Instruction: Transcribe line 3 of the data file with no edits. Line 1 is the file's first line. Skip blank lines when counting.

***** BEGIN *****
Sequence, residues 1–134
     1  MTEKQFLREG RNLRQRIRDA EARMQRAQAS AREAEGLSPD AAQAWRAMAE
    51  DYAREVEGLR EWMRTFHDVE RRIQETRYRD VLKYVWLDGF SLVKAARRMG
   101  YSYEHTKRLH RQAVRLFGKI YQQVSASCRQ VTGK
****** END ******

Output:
    51  DYAREVEGLR EWMRTFHDVE RRIQETRYRD VLKYVWLDGF SLVKAARRMG